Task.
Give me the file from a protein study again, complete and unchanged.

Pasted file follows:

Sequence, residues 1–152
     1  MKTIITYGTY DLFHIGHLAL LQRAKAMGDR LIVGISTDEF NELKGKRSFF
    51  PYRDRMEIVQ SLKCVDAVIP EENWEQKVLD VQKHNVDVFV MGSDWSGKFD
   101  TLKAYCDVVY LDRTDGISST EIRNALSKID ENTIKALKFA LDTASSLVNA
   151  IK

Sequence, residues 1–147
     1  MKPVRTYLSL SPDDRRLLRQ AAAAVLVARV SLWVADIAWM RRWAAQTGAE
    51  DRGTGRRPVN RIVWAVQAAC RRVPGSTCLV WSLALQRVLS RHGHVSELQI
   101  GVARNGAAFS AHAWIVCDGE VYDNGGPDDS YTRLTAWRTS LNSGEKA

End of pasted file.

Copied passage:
Sequence, residues 1–152
     1  MKTIITYGTY DLFHIGHLAL LQRAKAMGDR LIVGISTDEF NELKGKRSFF
    51  PYRDRMEIVQ SLKCVDAVIP EENWEQKVLD VQKHNVDVFV MGSDWSGKFD
   101  TLKAYCDVVY LDRTDGISST EIRNALSKID ENTIKALKFA LDTASSLVNA
   151  IK

Sequence, residues 1–147
     1  MKPVRTYLSL SPDDRRLLRQ AAAAVLVARV SLWVADIAWM RRWAAQTGAE
    51  DRGTGRRPVN RIVWAVQAAC RRVPGSTCLV WSLALQRVLS RHGHVSELQI
   101  GVARNGAAFS AHAWIVCDGE VYDNGGPDDS YTRLTAWRTS LNSGEKA